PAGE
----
Housing, Employment And The Economy

by: Shareholders Unite

While housing normally leads the economy out of recession, the prospects for this happening anytime soon seem distinctly mixed. Opinions differ. Here a birds-eye view into the most determining factors.

Magnitude of the Crash

House prices are still falling. The latest (Case-Shiller 10 city index) figures are for October, which showed a 1.1% decline versus September, and a 3.0% decline versus October 2010 (3.4% for the 20 city index).

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These figures -- although the worst of the fall seems behind us -- do not really indicate any immediate uptick yet (apart, perhaps, from the really top-end segment of the super-rich).

Household Balance Sheets

Nearly a quarter of all mortgage borrowers owing more than the value of their homes or amounting to roughly 11 million underwater mortgages. There is $700 billion in negative equity in the US. This isn't that surprising, considering the quality of mortgages that were sold during the heyday (they're called sub-prime for a reason). According to Martin Feldstein:

Since the housing bubble burst in 2006, the wealth of American homeowners has fallen by some $9 trillion, or nearly 40 percent

These are serious figures by any means. And it's not even the end of the story.

Job Recovery

There is little in the way of a job recovery yet. There are still 6.6M jobs less than there were four years ago, with some 23M Americans who would like to work full-time but cannot get a job. The job recovery is way to slow for this to provide an impetus for the housing market

Anyway, people who looking for a housing recovery usually expect that as a sign for the wider economy to recover to normality, as housing usually leads an economic recovery. This time, that doesn't look likely.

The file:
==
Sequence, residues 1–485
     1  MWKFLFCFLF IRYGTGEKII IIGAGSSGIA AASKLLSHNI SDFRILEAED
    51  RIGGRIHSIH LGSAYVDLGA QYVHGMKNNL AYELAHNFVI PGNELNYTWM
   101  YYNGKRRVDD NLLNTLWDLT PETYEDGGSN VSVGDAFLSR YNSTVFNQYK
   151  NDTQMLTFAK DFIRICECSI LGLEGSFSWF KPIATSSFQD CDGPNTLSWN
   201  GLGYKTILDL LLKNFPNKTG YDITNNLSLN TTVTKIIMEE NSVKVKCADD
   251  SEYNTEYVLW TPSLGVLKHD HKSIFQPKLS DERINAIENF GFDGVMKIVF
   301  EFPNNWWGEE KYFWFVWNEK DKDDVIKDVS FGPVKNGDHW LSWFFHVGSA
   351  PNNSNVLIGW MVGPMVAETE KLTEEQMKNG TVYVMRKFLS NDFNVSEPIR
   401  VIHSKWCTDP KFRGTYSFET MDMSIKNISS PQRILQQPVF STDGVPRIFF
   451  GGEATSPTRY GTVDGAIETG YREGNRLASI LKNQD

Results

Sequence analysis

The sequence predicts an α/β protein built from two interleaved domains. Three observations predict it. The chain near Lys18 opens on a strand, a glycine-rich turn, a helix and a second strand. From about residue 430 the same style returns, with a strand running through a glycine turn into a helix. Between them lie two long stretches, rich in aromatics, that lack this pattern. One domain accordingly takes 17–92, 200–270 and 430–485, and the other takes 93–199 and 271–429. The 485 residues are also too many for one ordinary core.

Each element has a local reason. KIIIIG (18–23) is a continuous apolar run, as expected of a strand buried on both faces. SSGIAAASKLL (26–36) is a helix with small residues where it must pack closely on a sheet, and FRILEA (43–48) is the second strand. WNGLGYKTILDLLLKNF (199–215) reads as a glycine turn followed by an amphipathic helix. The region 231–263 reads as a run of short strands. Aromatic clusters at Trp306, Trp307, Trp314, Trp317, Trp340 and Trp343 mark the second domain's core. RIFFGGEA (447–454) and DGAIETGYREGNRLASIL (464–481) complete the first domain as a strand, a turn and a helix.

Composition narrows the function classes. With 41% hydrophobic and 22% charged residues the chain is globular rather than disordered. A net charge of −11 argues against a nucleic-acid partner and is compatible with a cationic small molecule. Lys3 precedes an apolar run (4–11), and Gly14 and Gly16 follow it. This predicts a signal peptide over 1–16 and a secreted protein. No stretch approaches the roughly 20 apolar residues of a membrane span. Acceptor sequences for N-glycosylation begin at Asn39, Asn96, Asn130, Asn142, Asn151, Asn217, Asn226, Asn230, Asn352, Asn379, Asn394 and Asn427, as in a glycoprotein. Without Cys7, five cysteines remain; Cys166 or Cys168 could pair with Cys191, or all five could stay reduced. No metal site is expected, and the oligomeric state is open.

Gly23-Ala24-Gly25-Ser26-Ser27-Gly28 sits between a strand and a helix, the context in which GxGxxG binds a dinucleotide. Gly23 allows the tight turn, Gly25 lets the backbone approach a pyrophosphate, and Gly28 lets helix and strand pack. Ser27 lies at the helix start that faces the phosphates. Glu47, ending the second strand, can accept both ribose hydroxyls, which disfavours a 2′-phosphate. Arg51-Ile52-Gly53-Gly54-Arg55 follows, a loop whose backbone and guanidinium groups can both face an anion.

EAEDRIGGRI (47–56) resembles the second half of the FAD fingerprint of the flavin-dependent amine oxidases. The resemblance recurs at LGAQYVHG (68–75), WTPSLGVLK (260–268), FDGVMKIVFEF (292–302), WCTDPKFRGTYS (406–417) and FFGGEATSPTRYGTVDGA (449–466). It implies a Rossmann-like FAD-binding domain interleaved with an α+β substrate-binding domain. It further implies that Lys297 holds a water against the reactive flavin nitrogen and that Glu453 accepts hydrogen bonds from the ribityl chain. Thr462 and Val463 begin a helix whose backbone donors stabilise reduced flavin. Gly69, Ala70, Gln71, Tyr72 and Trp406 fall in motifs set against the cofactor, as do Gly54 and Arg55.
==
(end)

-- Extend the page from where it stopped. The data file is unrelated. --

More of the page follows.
Incomes fare little better, with the real income of a typical American household now below the 1997 level, according to Stiglitz.

Mortgage Rates are at record lows, and some people do profit from these and refinance. However, banks have significantly tightened credit policies, and with up to a quarter of people experiencing negative equity, refinancing isn't available for everyone:

Yet as the average 30-year mortgage rate has slipped below 4 percent, the combination of employment insecurity and unusually tight standards for lending are discouraging buyers en mass. Lenders are asking for extensive income verification and tax returns.

This is one area where we feel policy could help.

New Household Formation

It is tempting to argue that since US population growth hasn't really slowed, it's only a matter of time before that spills over into increasing demand for housing. However, in the present economic situation, there are forces at work that suspend that logic, and this might continue for some time.

For instance, new household formation has taken a hit with 1.5 million young people staying home, rather than looking for a place of their own. This isn't terribly surprising, considering that the young disproportionately suffer from unemployment.

What's more, the birth rate is at an 11-year low:

Expenditures associated with one child for a middle-income family are $226,920 over 17 years, with housing the biggest expense, the U.S. Department of Agriculture estimated in June. The number of births fell to an estimated 4 million last year, the fewest since 1999, according to National Center for Health Statistics data.